Differences between adjustable and fixed loans

A fixed-rate loan features a fixed payment for the entire duration of your mortgage. The property taxes and homeowners insurance will increase over time, but generally, payments on these types of loans don't increase much.

Your first few years of payments on a fixed-rate loan are applied primarily to pay interest. This proportion gradually reverses as the loan ages.

You might choose a fixed-rate loan to lock in a low interest rate. People choose fixed-rate loans because interest rates are low and they want to lock in this lower rate. If you have an Adjustable Rate Mortgage (ARM) now, refinancing into a fixed-rate loan can offer greater stability in monthly payments. If you have an Adjustable Rate Mortgage (ARM) now, we'll be glad to assist you in locking a fixed-rate at a good rate. Call Power Purchase Mortgage at (800)593-0143 to discuss how we can help.

There are many different kinds of Adjustable Rate Mortgages. ARMs are normally adjusted twice a year, based on various indexes.

Most Adjustable Rate Mortgages feature this cap, so they won't go up over a specific amount in a given period of time. Some ARMs won't adjust more than 2% per year, regardless of the underlying interest rate. Sometimes an ARM features a "payment cap" which ensures that your payment won't increase beyond a certain amount in a given year. Additionally, the great majority of ARM programs have a "lifetime cap" — this means that your rate can't exceed the capped amount.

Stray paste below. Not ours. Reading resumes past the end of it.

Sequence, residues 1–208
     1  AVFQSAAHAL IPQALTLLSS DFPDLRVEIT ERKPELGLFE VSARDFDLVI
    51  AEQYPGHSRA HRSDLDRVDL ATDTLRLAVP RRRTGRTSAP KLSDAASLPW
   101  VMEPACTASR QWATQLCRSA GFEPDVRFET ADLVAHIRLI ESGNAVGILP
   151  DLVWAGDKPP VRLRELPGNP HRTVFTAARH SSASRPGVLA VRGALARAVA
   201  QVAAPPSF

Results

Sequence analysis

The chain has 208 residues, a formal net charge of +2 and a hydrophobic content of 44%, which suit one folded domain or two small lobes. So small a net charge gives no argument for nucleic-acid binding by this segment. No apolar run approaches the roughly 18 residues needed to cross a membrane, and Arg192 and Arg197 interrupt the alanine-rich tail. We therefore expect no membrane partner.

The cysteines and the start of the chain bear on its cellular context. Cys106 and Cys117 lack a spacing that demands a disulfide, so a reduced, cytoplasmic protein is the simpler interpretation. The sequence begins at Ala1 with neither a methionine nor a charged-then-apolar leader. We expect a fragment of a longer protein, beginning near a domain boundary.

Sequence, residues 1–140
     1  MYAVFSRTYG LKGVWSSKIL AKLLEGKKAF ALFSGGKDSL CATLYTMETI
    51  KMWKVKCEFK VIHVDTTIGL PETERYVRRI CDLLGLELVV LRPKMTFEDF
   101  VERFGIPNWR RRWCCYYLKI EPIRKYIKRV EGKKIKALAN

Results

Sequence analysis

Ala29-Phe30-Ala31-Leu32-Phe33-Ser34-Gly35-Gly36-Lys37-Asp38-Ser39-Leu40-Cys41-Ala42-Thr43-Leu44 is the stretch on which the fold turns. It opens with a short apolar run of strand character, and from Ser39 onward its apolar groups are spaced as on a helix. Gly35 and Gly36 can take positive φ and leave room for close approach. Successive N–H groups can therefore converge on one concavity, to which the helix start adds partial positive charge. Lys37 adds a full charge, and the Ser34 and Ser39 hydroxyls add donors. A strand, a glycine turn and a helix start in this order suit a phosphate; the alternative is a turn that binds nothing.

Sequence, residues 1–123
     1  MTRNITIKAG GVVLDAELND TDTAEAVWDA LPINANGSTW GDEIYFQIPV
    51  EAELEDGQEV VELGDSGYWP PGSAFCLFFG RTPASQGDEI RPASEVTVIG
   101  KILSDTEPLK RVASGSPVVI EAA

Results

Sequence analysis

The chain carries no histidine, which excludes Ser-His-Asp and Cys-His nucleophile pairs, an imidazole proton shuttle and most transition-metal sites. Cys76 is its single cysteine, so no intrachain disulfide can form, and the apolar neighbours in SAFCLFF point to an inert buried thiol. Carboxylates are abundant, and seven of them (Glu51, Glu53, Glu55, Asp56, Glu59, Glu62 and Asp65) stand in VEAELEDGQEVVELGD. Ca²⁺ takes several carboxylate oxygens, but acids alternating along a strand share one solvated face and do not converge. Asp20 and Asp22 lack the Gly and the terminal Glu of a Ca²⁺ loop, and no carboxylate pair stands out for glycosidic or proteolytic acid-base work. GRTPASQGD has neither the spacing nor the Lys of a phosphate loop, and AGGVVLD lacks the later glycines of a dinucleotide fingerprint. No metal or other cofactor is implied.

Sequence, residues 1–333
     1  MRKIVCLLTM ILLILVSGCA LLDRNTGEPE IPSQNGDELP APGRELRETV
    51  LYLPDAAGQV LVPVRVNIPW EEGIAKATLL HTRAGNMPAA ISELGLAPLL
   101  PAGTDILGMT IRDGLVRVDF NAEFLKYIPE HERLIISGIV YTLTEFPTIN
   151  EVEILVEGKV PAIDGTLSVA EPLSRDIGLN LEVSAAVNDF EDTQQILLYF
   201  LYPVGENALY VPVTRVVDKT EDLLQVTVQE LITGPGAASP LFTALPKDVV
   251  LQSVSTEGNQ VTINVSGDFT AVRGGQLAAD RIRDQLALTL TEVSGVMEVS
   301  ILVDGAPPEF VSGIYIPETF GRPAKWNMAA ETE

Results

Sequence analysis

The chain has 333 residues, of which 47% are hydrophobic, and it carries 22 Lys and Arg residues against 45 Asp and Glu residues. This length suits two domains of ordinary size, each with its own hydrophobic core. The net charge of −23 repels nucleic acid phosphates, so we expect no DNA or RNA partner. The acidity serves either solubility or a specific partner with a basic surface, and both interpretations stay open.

ARMs most often feature their lowest, most attractive rates toward the start. They provide that interest rate from a month to ten years. You may have heard about "3/1 ARMs" or "5/1 ARMs". In these loans, the initial rate is fixed for three or five years. After this period it adjusts every year. These kinds of loans are fixed for 3 or 5 years, then adjust after the initial period. Loans like this are best for people who anticipate moving in three or five years. These types of adjustable rate programs benefit people who will sell their house or refinance before the loan adjusts.

You might choose an ARM to get a lower initial rate and count on moving, refinancing or simply absorbing the higher rate after the introductory rate expires. ARMs are risky when property values go down and borrowers are unable to sell or refinance.

Have questions about mortgage loans? Call us at (800)593-0143. We answer questions about different types of loans every day.

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